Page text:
U of I President Resigns
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CHAMPAIGN, Ill. (AP) Less than two years after he was hired to repair the damage done to the University of Illinois by an admissions scandal and guide the school through difficult financial times, President Michael Hogan resigned Thursday under pressure from faculty unhappy with his leadership.
Board of Trustees Chairman Christopher Kennedy immediately named longtime university administrator Robert Easter, 64, as Hogan’s successor, saying Easter agreed to do the job for two years.
Hogan’s exit comes less than two weeks after the trustees ordered him to repair his relationship with faculty but follows months of pressure, including letters calling for his ouster signed by some of the university’s most distinguished faculty, Nobel and Pulitzer winners among them.
Hogan had said as recently as last week that he would not resign but, according to Kennedy, said in a conversation on Sunday that he’d decided to step down.
In a statement announcing his resignation, Hogan, 68, said it was an honor to have led the university.
“While the University has faced some significant organizational and budgetary challenges over the past several years, we have initiated the reforms necessary to modernize and streamline our business functions and redirect the savings to academic purposes,” he said. “The underpinnings of this great institution are sound.”
Kennedy, who said he’d watched the tensions with faculty take a toll on Hogan over the past year, said that while Hogan’s initiatives had board backing some of those plans hadn’t been carried out in the best ways.
“The board was clear about what they wanted done, maybe not clear about what they should have done,” he said, adding that plans to make the separate pieces of the university work more closely together were not mistakes.
One member of the faculty who had been among Hogan’s critics praised a decision she said had to be difficult to make.
“I felt that there was a growing sense of inevitability,” said Joyce Tolliver, an associate Spanish professor and vice chair of the faculty Senate. “I did not expect for it to happen so quickly.”
Tolliver and other faculty were quick to praise Easter, former dean of the College of Agricultural, Consumer and Environmental Sciences in Urbana, who has also served in several interim leadership roles the past few years.
Some outside observers said Hogan’s resignation is only the latest black eye for the university, and one that could make hiring a quality replacement for Easter difficult.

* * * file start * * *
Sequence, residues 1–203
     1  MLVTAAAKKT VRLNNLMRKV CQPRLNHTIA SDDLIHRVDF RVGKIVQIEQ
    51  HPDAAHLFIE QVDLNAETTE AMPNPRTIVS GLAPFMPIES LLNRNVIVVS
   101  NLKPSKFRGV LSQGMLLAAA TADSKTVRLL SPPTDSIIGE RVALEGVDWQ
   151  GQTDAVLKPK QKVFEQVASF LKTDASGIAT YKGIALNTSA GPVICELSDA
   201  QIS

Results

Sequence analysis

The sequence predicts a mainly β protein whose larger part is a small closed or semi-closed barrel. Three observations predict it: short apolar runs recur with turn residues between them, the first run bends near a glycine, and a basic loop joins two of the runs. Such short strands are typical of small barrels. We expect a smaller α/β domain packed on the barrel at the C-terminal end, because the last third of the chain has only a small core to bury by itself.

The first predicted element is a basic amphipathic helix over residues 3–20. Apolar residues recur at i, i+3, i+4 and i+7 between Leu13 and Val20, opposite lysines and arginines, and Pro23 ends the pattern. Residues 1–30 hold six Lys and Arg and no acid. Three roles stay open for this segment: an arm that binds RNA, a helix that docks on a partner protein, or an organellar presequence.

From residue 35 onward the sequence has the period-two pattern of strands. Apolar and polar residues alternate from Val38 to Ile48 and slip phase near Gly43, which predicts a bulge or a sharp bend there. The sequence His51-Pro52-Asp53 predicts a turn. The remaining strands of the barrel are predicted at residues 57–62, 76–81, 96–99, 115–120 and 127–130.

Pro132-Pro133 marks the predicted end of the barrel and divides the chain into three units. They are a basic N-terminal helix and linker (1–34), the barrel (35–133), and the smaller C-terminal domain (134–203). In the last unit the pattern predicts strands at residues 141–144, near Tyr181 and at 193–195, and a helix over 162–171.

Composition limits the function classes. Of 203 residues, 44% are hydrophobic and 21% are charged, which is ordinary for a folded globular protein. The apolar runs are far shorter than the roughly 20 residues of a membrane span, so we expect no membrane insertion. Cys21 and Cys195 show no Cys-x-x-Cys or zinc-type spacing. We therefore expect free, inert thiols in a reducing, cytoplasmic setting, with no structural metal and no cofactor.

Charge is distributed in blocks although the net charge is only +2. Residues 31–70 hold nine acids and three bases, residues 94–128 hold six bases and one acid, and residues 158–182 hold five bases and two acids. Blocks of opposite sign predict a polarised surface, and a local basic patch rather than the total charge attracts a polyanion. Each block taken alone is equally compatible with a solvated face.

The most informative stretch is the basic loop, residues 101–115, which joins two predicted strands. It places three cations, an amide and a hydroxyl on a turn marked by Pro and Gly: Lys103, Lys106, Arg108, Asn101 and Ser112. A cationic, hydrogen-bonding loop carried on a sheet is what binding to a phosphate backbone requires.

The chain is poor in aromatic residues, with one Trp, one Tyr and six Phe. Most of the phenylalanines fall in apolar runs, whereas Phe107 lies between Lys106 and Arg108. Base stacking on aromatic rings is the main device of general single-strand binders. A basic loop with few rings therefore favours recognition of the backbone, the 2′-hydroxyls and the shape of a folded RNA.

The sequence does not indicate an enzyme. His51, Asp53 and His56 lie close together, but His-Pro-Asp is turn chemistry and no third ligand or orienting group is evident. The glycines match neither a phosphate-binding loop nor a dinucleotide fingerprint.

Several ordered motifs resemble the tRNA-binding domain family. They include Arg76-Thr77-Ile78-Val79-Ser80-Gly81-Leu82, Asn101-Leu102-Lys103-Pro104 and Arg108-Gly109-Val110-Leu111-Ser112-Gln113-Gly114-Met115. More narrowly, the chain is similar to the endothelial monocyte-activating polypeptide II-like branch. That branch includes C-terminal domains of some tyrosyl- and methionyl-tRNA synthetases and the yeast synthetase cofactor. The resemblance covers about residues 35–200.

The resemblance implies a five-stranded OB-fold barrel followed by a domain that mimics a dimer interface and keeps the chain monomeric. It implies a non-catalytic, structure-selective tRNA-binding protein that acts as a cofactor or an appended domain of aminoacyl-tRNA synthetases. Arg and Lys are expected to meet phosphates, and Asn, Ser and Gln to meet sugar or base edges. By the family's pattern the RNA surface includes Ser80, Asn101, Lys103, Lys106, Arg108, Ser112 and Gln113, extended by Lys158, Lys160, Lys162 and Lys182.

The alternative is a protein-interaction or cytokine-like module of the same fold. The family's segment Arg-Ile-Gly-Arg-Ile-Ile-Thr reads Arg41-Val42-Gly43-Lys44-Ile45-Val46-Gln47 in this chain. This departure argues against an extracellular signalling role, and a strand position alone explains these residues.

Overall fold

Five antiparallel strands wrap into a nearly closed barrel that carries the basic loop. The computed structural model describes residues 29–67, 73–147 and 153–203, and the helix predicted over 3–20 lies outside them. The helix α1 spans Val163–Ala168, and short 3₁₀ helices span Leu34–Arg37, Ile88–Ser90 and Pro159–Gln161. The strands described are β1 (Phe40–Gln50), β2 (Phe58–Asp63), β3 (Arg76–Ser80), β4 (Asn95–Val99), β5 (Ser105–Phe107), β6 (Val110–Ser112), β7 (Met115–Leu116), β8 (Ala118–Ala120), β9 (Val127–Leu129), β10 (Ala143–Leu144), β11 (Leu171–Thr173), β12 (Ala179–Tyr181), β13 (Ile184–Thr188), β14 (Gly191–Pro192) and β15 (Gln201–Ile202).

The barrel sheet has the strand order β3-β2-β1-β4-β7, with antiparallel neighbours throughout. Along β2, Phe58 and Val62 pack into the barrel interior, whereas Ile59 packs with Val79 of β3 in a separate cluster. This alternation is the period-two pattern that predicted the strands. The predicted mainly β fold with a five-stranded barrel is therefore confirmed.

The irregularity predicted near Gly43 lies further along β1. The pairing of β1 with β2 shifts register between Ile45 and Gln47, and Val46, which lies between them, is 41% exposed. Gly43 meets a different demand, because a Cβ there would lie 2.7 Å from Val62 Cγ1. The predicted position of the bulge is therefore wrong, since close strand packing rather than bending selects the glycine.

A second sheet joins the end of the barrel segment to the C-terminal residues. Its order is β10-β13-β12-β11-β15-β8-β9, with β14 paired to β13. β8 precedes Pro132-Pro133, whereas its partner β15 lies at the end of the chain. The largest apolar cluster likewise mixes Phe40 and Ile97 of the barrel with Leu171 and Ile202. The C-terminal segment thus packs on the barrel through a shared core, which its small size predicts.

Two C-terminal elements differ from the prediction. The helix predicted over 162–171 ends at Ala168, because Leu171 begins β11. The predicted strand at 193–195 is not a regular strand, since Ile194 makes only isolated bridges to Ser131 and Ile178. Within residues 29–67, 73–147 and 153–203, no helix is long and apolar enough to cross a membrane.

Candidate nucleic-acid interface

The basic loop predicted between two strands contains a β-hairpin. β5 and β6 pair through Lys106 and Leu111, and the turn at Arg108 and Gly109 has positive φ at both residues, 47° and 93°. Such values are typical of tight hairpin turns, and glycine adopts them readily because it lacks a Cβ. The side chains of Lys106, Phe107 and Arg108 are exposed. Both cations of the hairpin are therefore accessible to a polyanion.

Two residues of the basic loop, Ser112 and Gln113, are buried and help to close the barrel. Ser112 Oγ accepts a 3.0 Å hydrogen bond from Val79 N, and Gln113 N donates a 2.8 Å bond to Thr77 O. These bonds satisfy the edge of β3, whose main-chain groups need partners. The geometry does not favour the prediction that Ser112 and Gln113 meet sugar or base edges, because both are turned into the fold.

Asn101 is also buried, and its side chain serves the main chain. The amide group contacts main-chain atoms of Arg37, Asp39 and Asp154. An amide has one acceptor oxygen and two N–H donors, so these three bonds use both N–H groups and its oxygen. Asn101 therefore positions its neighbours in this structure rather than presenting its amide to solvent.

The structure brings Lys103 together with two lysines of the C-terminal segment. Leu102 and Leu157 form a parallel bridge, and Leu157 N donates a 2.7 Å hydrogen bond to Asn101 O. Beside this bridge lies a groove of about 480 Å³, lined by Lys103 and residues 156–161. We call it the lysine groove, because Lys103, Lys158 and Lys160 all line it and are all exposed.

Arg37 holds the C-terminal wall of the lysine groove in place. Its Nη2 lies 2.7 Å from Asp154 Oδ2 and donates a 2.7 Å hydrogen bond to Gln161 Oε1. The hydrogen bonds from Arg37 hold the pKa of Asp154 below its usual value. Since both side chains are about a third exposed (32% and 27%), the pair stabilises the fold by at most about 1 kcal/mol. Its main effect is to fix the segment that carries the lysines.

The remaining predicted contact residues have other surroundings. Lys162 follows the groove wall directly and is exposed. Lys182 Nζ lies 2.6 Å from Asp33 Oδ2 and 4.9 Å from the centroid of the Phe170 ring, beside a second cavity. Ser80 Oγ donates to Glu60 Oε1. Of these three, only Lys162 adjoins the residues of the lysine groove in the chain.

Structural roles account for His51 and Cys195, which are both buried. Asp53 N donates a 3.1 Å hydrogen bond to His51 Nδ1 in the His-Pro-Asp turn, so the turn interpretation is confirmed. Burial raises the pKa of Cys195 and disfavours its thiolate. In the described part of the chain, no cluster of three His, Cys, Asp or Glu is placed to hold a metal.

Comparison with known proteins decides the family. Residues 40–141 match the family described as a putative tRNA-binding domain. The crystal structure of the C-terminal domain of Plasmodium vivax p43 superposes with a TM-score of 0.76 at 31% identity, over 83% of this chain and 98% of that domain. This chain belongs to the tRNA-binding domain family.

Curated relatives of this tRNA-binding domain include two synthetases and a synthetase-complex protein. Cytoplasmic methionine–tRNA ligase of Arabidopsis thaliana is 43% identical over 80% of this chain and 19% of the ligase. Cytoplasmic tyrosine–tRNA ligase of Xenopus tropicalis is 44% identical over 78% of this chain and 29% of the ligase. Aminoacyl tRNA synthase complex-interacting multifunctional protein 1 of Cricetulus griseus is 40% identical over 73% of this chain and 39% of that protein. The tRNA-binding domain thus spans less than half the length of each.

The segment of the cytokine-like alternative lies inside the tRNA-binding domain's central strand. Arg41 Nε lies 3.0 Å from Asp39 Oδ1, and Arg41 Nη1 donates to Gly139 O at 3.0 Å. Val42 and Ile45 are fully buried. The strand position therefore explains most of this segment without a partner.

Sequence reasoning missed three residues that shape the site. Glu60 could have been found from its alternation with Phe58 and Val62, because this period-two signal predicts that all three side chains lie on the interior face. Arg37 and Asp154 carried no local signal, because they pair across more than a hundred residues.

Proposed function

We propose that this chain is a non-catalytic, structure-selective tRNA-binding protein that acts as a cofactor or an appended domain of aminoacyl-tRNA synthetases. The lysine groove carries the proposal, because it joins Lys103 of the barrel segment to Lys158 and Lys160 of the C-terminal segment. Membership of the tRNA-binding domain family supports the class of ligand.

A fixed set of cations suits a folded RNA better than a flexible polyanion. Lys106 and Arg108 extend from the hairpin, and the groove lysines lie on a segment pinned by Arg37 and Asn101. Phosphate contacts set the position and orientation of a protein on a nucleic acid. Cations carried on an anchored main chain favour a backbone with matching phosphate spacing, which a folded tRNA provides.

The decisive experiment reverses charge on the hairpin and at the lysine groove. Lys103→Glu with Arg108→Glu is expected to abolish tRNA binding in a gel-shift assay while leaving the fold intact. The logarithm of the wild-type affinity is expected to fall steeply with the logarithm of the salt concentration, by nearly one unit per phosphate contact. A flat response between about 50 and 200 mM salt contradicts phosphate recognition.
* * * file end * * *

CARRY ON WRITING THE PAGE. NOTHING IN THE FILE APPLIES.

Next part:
“To say that the president walked in and offered to resign, presidents don’t do that unless they have strong, strong motivations to do it,” said Raymond D. Cotton, a Washington, D.C., attorney who specializes in presidential contracts. “And keep in mind how the last presidency ended.”
Hogan, a historian by training, will remain at the university as a tenured faculty member. He made $620,000 as president but the details of what he’ll be paid as a faculty member were still being worked out. Hogan’s predecessor, B. Joseph White, has taught at the university since his resignation in 2009 and is paid $288,000 a year.
Hogan was hired in May 2010 from the University of Connecticut after White resigned during the Category I admissions scandal. Hogan set about trying to find ways to cut costs to deal with dwindling state funding support and finances that had been hurt by the recession.
But as early as the last couple of months of 2010, faculty — particularly on the Urbana-Champaign campus — began to grumble that Hogan was too dictatorial and that he was treating very different campuses in Urbana-Champaign, Chicago and Springfield as one.
Hogan’s chief of staff, Lisa Troyer, resigned in January over several anonymous emails sent to faculty trying to discourage their opposition to an enrollment management plan favored by Hogan. An investigation concluded Troyer was likely the author. She denied writing the emails and has since taken a faculty job on campus.
In media interviews following his meeting with trustees this month, Hogan vowed to fix his broken faculty relationship.
But last week more than 100 prominent faculty members signed the letter calling for him to be fired.
David Dorris, an attorney from Leroy who is both an Illinois graduate and a former trustee, said Thursday that the university has already been damaged by campus conflict but the decision to elevate the trusted Easter could help ease that.
“The negative affect, the turmoil, has already occurred,” said Dorris, who resigned as trustee during the admissions scandal. “You can’t undo that but they made a very wise decision in choosing Bob Easter.”
Easter wasn’t available for comment Thursday but said in a statement that he will “move forward energetically and collaboratively with an agenda that reaffirms the University of Illinois’ special place among the very best.”
Longtime trustee James Montgomery said Hogan’s plans that angered faculty were all undertaken with board backing, but distrust of the president had grown to the point where he likely could no longer lead. Montgomery said the board and Easter will have to find ways to do much of the same work Hogan was leading without raising further fears.
“There is a serious sense of a need for identity and autonomy among some of the units of the university, and I think that’s something that we’re going to have to address,” he said.
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